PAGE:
The Castleland Resource, Conservation and Development Council (RC&DC) council had a busy year in 2009.
The organization was involved in several projects in Carbon, Emery, Grand and San Juan counties. The council is operated from their office in Castle Dale. Wayne Urie is the director of the RC&D for this region.
The mission of the council is to facilitate community excellence by building partnerships, creating dialogue and developing processes to better utilize natural and human resources in southeastern Utah.
The vision of the council is to be a creative and effective partnership of community leaders and volunteers dedicated to enhancing southeastern Utah communities.
The RC&D council was established in 1991. The council addressed resource conservation and development issues in the four county area. The area comprises approximately 17,400 square miles and represents nearly one fourth of the state.
San Juan County includes Indian reservation lands belonging to the Navajos and the White Mesa Utes. The Native American population makes up more than one half of San Juan county's population.
The council has been serving as the fiscal agent for the Skyline Cooperative Weed Management area since 2003. The Skyline CWMA is a collaborative effort of the agencies with the goal of controlling noxious weeds beyond government boundaries.
In 2009 the CWMA was awarded the 2009 rangeland stewardship through collaboration award from the BLM for its cooperative efforts on the successful 2008 Order of the Arrow Tamarisk Removal project in Buckhorn Wash on the San Rafael Swell. During 2009, the Skyline CMWA completed nine weed spraying projects and released 31,000 biological control insects in Carbon and Emery counties. Total acres treated last year was 1,800 acres. The CWMA publishes a calendar each year highlighting noxious weeds and the work being done to eradicate them.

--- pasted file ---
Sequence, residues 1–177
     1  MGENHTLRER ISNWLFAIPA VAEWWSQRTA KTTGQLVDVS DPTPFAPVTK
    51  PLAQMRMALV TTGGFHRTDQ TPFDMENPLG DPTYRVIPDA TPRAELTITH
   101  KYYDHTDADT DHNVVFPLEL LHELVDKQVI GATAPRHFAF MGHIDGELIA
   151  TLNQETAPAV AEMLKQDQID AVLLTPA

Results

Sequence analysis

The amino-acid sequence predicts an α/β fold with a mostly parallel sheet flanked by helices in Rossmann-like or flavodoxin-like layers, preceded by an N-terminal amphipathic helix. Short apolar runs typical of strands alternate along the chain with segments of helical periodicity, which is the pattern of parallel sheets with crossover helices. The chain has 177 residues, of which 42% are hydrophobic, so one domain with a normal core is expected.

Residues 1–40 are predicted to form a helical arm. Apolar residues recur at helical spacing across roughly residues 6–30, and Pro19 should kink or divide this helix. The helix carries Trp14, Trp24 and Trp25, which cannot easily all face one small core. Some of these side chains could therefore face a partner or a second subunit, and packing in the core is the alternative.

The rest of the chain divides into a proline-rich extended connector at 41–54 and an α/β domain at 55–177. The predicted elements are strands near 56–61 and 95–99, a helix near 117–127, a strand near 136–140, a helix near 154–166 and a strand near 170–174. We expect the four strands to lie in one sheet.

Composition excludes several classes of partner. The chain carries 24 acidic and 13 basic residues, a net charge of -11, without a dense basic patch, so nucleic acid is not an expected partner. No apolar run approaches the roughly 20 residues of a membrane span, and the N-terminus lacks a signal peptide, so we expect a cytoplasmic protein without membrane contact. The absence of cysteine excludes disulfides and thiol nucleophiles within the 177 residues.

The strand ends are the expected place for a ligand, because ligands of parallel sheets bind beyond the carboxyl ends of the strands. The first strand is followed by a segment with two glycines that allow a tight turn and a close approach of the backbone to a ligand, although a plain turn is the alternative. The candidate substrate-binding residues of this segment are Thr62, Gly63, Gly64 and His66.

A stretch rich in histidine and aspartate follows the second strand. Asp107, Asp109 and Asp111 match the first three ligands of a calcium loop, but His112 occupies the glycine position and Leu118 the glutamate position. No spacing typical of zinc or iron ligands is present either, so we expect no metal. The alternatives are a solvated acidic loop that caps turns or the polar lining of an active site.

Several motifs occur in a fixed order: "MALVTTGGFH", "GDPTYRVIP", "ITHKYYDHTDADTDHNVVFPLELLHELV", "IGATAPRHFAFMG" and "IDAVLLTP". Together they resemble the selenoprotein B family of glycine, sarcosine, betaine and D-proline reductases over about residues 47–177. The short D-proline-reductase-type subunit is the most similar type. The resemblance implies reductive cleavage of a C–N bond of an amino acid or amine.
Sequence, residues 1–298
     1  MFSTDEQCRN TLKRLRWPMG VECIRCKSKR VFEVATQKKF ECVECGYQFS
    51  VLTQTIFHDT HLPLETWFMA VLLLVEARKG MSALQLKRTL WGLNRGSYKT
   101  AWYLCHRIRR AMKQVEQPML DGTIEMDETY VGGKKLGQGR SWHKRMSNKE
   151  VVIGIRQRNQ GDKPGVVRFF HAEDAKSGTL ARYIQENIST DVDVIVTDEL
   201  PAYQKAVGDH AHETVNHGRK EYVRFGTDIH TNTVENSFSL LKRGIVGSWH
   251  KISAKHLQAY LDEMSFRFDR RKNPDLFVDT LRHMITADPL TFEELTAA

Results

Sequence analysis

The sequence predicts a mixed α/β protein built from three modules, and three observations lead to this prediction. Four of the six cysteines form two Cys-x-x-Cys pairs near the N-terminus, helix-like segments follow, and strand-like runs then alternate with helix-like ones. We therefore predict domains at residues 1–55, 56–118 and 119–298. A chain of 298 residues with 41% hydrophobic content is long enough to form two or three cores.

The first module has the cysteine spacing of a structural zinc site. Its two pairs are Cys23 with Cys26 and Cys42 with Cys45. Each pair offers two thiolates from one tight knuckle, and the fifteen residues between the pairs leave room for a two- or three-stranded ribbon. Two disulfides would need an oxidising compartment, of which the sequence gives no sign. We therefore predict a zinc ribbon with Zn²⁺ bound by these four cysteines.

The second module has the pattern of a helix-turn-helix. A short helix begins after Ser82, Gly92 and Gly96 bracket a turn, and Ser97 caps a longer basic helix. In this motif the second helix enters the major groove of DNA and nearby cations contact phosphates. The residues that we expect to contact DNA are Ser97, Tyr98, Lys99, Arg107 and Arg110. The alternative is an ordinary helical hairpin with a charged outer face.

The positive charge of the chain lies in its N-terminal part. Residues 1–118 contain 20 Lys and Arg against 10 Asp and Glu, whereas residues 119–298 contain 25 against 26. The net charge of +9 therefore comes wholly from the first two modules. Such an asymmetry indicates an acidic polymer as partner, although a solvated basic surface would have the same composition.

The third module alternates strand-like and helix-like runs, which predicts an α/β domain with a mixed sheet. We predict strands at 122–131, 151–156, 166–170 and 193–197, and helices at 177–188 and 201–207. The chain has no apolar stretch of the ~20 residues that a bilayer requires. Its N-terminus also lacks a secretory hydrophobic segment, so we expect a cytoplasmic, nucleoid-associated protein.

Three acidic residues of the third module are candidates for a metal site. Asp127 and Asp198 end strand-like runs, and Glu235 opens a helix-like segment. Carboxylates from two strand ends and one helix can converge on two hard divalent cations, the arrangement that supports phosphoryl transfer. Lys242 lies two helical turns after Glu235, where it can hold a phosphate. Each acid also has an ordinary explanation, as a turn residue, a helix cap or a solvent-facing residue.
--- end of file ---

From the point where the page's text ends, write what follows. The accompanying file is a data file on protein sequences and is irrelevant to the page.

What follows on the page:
Another partnership project the council was happy to be involved with was the water rights workshop. This workshop was held in partnership with the Price River Conservation District and the San Rafael Conservation District. The state engineers office presented valuable information to local farmers and water users.
Topics discussed included water rights, basic policy, livestock water rights, current regional issues and recent legislative changes.
State Engineer Kent Jones addressed local concerns on the over appropriated upper Colorado River basin. Workshops were held in Price, Green River and Moab.
Another needed project occurred when the council partnered with the Bureau of Reclamation and Hank Stevens a resident of Navajo Mountain and president of the Navajo Mountain water users association.
They worked to help members of Navajo Mountain and Piute mesa reduce the number of trips made to acquire water from a source many miles away.
Stevens constructed 11 rain catchers to provide much needed water to elderly families in the area.
The council acquired funds through NRCS grants and private donations to provide materials and labor for the structures. In addition to the rain catchers, projects included installing solar panels for power, indoor plumbing and additional gutter systems.
Other recent projects include: Price River Enhancement, signs for prevention of the spread of zebra mussels, irrigation water management workshop, Millsite sedimentation and dam safety, Skyline CWMA, San Juan CWMA, Navajo rainwater project, Navajo sheep and wool project, Castle Valley Town EWP facilitation, Utah Partners for Conservation Development, Bluff bridge, community fire plans, John Wesley Powell Research facility and Crystal Geyser, alternative energy programs, among others.